People Who Talk Well Often Don’t Write Well

By Jack Limpert

As a longtime magazine editor I crossed paths with thousands of would-be writers. They wanted to talk about the stories they’d write and at first I tended to think that people who talked well also wrote well.

That assumption was a trap that resulted in many headaches and kill fees. Finally I learned to listen and then say, “That sounds interesting but send me a note with more on the story and how you want to do it.” It wasn’t perfect but seeing something in writing did help identify a surprising number of good talkers who were flat and uninteresting writers.

The reverse sometimes was true: One of the most thoughtful writers I worked with had a scientific background and was so inarticulate that when another editor and I first talked with him we almost wrote him off. Then it dawned on us that, yes, he was operating on a different level than we were—he was a lot smarter. He just wasn’t a talker.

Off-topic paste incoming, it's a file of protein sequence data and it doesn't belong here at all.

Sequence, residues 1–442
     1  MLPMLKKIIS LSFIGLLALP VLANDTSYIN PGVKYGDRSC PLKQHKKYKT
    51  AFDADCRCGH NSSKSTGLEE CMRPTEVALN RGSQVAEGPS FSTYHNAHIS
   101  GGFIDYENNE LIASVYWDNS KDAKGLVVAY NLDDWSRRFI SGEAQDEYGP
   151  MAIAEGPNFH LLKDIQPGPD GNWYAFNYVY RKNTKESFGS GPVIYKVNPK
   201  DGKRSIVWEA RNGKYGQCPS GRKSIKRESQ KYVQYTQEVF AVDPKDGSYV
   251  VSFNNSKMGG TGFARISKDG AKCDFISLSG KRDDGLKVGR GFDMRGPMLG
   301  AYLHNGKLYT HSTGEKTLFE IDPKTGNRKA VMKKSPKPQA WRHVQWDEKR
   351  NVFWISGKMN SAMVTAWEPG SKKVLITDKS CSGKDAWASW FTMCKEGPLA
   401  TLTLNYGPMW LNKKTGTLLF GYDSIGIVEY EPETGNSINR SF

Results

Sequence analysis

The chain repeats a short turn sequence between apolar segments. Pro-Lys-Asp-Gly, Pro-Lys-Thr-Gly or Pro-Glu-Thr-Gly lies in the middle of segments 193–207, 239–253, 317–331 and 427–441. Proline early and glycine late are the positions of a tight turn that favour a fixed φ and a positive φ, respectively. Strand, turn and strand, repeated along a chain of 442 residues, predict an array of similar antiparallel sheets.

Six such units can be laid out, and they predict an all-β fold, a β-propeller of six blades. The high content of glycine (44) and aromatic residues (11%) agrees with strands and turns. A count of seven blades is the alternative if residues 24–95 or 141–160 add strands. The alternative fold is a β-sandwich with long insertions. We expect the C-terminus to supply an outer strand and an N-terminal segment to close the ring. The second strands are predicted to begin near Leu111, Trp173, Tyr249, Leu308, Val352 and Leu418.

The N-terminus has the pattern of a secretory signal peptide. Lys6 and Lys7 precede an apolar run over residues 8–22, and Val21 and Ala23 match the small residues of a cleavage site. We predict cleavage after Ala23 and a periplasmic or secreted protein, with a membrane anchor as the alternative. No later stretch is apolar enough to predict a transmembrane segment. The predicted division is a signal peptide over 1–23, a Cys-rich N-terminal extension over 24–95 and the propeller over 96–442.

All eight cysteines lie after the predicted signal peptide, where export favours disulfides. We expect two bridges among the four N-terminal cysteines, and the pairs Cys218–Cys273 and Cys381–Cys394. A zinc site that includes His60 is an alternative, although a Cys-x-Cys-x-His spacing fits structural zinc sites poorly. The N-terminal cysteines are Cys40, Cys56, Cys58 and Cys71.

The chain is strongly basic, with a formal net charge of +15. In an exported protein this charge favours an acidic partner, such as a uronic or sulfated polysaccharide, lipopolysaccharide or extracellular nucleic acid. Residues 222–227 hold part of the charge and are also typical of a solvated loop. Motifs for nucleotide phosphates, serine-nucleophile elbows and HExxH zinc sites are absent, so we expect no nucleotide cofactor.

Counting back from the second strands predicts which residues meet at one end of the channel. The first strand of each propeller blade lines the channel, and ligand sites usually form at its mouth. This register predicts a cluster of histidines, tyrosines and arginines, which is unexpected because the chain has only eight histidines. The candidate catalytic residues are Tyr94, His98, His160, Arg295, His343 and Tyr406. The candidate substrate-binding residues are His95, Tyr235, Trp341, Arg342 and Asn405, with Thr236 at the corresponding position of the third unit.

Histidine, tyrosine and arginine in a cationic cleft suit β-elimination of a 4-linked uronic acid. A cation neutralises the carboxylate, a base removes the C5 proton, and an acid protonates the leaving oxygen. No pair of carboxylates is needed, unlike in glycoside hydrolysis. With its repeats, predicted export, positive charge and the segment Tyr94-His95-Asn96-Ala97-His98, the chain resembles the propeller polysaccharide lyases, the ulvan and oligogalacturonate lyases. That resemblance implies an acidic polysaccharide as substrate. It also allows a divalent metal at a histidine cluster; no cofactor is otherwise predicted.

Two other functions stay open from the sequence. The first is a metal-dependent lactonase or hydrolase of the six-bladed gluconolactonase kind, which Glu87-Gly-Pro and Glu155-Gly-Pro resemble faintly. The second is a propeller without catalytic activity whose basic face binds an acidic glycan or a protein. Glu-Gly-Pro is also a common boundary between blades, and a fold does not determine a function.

It was almost as if talking and writing used different parts of the brain. The divide became clearer when I read the book Thinking, Fast and Slow by Daniel Kahneman.

He has two ways of thinking: Fast thinking operates automatically and quickly, with little or no mental effort. Slow thinking gives attention to what Kahneman calls effortful mental activities—the kind of thinking that creates great stories—and can override the emotional impulses of thinking fast.

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